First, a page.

INDIANAPOLIS -- A year ago, fans at the Indianapolis 500 were searching for shade.
This year, they'll be looking for some sun.
Temperatures throughout May have been unseasonably cool at Indianapolis Motor Speedway, and that hasn't changed during race weekend. Fans bundled up against the chill for the public drivers meeting Saturday -- even the drivers appeared to be shivering -- with more cool weather in store for Sunday.
The forecast for race day is a high in the upper 60s, according to the National Weather Service, with a 40 per cent chance of rain. But it could be in the upper 50s when the green flag waves to start the "Greatest Spectacle in Racing," a huge departure from a year ago when most of the 235,000-plus fans were sweating things out.
The temperature hit 91 degrees when Dario Franchitti crossed the finish line, just one degree shy of the race-day record of 92 set in 1937. It was also 91 on race day in 1919 and 1953.
Many drivers believe the weather this year will produce more speed, but it's unclear whether it will benefit Honda engines or Chevrolets -- or maybe just make everyone faster.
"I think cooler temperatures and lower humidity definitely helps the engines in general," said James Hinchcliffe, whose Andretti Autosport team has been fast all month with Chevrolet power.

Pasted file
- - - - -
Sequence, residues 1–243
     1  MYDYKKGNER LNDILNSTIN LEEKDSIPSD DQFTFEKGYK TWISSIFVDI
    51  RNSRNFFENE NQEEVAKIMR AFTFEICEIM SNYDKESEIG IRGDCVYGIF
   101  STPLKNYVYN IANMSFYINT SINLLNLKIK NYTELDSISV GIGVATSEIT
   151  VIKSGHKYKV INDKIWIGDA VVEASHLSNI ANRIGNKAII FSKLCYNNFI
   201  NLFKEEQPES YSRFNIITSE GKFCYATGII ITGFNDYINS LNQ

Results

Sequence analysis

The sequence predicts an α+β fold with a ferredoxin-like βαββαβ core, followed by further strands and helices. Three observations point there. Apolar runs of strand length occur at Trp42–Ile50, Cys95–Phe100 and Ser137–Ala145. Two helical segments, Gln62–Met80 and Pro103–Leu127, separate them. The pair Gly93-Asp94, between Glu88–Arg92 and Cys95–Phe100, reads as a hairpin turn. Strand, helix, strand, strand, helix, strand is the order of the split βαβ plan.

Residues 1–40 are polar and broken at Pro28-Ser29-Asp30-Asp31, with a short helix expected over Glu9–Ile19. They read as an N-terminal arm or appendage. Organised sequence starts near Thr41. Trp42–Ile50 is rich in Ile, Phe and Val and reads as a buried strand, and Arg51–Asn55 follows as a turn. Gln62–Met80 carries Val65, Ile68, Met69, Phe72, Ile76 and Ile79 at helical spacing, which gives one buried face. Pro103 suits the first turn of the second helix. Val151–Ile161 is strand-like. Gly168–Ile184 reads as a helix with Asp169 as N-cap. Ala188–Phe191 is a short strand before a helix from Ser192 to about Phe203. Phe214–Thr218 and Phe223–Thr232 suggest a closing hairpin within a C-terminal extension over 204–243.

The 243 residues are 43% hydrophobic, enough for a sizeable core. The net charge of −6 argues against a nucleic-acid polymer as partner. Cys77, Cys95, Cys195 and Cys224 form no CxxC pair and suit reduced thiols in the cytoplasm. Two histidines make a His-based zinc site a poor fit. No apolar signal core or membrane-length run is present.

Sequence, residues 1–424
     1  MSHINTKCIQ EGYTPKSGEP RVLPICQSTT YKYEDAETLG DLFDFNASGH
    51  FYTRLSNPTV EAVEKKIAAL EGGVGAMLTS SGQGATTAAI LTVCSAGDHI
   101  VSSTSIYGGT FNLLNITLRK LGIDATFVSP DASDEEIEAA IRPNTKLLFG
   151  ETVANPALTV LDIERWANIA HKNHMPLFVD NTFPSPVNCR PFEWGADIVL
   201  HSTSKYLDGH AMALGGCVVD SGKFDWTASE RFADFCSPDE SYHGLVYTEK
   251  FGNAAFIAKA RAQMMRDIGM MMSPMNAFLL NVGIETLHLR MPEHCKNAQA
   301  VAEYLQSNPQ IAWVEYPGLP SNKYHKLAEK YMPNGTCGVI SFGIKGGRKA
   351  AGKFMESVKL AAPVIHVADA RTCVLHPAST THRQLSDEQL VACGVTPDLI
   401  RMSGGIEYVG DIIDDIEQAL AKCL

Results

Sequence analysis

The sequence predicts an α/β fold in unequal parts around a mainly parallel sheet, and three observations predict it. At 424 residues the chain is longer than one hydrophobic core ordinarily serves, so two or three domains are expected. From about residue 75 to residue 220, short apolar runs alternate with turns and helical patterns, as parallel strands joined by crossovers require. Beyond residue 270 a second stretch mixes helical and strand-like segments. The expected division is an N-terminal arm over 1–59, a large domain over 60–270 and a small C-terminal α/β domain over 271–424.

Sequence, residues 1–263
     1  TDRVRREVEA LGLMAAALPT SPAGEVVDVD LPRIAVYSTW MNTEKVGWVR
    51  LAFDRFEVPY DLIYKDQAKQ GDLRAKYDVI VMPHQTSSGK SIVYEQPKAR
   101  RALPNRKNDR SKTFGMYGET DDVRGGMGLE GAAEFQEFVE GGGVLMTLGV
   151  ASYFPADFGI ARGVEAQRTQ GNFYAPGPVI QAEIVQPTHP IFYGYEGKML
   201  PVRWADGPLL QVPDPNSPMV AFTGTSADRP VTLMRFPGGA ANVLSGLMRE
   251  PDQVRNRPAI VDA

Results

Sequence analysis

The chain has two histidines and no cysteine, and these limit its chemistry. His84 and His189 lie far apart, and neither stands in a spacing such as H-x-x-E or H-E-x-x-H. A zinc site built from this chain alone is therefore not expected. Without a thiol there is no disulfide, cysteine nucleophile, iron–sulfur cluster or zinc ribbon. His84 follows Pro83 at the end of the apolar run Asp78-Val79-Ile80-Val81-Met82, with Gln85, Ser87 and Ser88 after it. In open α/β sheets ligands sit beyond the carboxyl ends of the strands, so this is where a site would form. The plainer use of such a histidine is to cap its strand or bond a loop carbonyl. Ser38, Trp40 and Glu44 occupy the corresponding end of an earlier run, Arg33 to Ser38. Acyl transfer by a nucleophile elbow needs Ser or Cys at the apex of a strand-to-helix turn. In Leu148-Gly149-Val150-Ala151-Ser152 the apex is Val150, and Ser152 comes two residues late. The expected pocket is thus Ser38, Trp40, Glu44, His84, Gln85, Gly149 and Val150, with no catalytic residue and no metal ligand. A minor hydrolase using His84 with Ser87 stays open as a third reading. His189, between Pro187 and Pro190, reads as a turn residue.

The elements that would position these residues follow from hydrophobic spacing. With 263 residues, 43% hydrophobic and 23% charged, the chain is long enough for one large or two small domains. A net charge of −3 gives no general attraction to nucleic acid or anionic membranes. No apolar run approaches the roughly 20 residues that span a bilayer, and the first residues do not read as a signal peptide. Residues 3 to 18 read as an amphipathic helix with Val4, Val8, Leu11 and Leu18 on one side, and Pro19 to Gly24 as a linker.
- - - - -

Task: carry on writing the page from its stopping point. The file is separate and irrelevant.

Defending series champion Ryan Hunter-Reay said that the cars handled differently on Carb Day on Friday, when drivers had their final practice, than they did during warmer qualifying days.
Franchitti said that the colder temperatures might also produce a more competitive race.
"The way this car drafts, the big bulky bodywork, that also lends itself to close racing," the defending race-winner said. "The cold temperatures might help, as well."
The only time it hasn't cracked 60 degrees on race day happened in 1992, when Al Unser Jr. held off Scott Goodyear by 0.043 seconds for the closest finish in Indianapolis 500 history.
Rain has also played a role in several Indy 500s. Though the chance of precipitation is slim for the start of Sunday's race, it's expected to increase as the day wears on.
Pole sitter Ed Carpenter said the cooler temperatures are a relief to drivers in part because of the heavy fire suits that they wear. When the mercury rises, so does the temperature in the cars, and those fire suits become hot, bulky and often soaked-through with sweat.
"Mentally, it gets hard over 500 miles, especially if it's a hot day," he said. "It looks like it's going to be cool, but mentally this place will wear you down. There's not much margin for error at this race track. One mistake can end your day."